Adrenalin capital of the Middle East, Lebanon, Lonely Planet
If legendary British army officer and adventurer Lawrence of Arabia had been born in the 1990s rather than in the late 19th century, he may have made his way across the Middle East on a pair of skis rather than on the back of a camel.
This is no more evident than when flying into the Lebanese capital Beirut in the depths of winter. With a bird’s eye view from the plane, you can see a spine of glistening white-mountain tops that stretches from north to south and shelters the capital from the borders with Syria, only 40km away. Lebanon may be more famous as the land of milk and honey, but it is also the land of snow and ice: the word Lebanon, comes from “Lebnana”, meaning white in Aramaic and the highest peaks of the Lebanon Mountains have powdery tops all year round. As the locals are keen to point out, “Did you seriously think there was just desert here? The only sand you’ll find is down at the beach.”
The proximity of the mountains to Beirut has given rise to a nascent winter and summer sports industry, and where there are summits and peaks there are those who are willing to climb them, hurtle down them and throw themselves off the top. Combine this with a love of the outdoors not found anywhere else in the Middle East, and it’s no surprise to learn that the area around Ouyoun El Simane and Kfardebian, now simply known as Mzaar, is the up-and-coming adrenaline sports capital of the region.
The best skiing and snowboarding can be found here and with 19 ski lifts – including several four-seater chairlifts and a brand new express chair that opened last year – Mzaar easily rivals a number of smaller Alpine resorts in terms of scope and spectacle. It has a four-month long season to match, shorter lift queues and, thanks to an increasing number of budget flights, is now a viable option for an alternative weekend away from Europe or the Gulf States.
There are 42 slopes and 80 kilometres of piste spread across three distinct valleys, including Wardeh, Jonction and Le Refuge, a number of ski schools and a wide variety of options for snowboarding, snow-shoeing, ski-touring, cross-country skiing and snowmobiling. To get the best out of the wilderness, local ski fanatic Ronald Sayegh knows the mountains better than anyone and can organise all manner of trips and excursions through Skileb.com. With all this activity on the slopes, it’s near impossible to imagine that the village was pillaged and the nearby hills were occupied by militia and Hezbollah soldiers for several years during the 1980s civil war.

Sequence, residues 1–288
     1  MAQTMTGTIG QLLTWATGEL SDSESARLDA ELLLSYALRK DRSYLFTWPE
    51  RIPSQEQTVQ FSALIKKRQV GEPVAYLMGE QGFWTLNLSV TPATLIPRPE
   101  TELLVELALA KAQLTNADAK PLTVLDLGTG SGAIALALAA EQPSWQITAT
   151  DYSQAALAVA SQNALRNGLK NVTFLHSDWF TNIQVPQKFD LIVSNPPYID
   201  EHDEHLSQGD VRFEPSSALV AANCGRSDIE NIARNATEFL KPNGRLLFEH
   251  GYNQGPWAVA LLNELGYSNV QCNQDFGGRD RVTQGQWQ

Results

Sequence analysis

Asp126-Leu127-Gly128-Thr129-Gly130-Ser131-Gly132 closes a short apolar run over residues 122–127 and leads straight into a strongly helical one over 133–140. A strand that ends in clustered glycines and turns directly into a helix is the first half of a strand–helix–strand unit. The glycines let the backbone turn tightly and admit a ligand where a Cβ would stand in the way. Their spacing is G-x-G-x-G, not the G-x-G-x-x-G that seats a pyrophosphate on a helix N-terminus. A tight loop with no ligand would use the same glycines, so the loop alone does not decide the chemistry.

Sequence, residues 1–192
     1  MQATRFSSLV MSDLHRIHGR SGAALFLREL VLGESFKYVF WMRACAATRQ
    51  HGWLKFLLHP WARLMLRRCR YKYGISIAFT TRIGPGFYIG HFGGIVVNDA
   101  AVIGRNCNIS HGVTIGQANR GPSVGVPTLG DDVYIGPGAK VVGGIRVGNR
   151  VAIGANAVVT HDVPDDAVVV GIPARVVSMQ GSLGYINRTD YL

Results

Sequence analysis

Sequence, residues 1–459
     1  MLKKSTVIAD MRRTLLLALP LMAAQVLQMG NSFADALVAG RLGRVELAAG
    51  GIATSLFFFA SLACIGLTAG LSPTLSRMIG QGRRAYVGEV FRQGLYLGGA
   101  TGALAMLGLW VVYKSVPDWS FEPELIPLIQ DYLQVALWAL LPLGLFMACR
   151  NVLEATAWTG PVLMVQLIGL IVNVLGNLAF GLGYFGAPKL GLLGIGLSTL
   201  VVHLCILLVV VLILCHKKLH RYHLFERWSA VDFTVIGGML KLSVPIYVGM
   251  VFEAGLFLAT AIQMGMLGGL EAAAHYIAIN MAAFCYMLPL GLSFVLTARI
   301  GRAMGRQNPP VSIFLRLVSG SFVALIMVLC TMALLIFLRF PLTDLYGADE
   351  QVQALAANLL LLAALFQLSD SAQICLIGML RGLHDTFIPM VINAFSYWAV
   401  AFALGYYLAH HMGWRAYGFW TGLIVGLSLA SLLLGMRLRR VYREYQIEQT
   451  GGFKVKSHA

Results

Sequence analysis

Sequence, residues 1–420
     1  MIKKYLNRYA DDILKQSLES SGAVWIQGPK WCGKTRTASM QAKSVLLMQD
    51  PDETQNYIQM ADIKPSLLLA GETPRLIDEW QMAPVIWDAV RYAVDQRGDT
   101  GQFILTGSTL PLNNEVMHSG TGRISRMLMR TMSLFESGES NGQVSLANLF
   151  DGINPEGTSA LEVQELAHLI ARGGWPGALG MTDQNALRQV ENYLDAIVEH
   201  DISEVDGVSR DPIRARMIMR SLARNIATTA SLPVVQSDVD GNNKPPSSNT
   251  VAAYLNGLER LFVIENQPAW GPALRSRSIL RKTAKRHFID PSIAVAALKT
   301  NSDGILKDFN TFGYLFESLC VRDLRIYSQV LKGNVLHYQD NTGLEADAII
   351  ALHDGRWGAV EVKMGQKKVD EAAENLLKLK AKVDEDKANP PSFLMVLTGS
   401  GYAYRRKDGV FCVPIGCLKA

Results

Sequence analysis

Get your bearings at the top of Mzaar mountain, the resort’s highest point at 2,465m. From here you can peer down into the historic Bekaa Valley, famous for the ancient Roman ruins of Baalbek and more than a dozen wineries, or look across to the small ski resort of Zaarour and Mount Hermon, the highest point in Syria. On a clear day the glistening shoreline of Beirut and its satellite beachfront towns of Jouneih and Byblos feel tantalisingly close. If you’re feeling brave enough during winter, you can ski down its treeless, rolling slopes in the morning and swim in the chilly Mediterranean in the afternoon.
For something more extreme, follow the crest of the ridge, a short traverse past the old stone church and the remains of the Roman temple, to the ski area’s best off-piste and trickier descents, including the Grande Coulée, a narrow ribbon of near-vertical piste that should only be tackled by those with a serious head for heights. The descent finishes up at the lemon orchards and olive groves on the lower reaches of Mount Sannine.
Looking for even more of an adrenalin buzz? The most extreme fun to be had is to hop upon a snowmobile, rev up its engine, and, with a twist of your wrist, rocket at speed out onto the empty snow fields beyond the ski slopes, faster than you can say ‘where are the brakes?’ That the snowmobiles can hit 80kmph if you’re crazy enough (some of the Lebanese guides definitely are) only adds to the visceral thrill of it all. On a 30-minute tour (costing from $60 per person), you’ll find yourself surrounded by more than 40 glistening peaks without another soul in sight.
Come summer, hiking, paragliding, hang-gliding, quad biking and mountain biking take over and, at only 53km away from Beirut, the resort becomes a welcome escape from the humidity of the Lebanese coast. It’s easy enough to take a chairlift up the 2,296m Jabal Dib or 2,347m Wardeh and find your own way back down by foot, parachute or bike. If you have plenty of time on your hands, the newly-formed 440km Lebanon Mountain Trail the Middle East’s best long distance mountain trekking route, also passes right past Mzaar’s front-door. Extending from Al-Qbaiyat in the north to Marjaayoun in the south, it transects around 75 villages and is peppered with Roman ruins, temples and remote villages that few are ever lucky enough to see.
Mzaar itself centres on the Intercontinental Mzaar Mountain Resort and Spa, styled on a traditional Swiss wooden chalet. It has its own cinema, bowling alley, spa, three restaurants and an expansive outdoor terrace. During winter, clubbers and partygoers regularly make the switch from the downtown clubs of Beirut to check out the nightlife at altitude and eat copious amounts of mountain cheese fondue, washed down with Almaza beer and local arak. On the hotel’s outside terrace, or at the highly recommended Frost Pub, DJs spin records and après skiers eat fresh mezze and share fruit-scented sheeshas and hookah pipes. Now, you don’t get that in Austria or Switzerland, do you?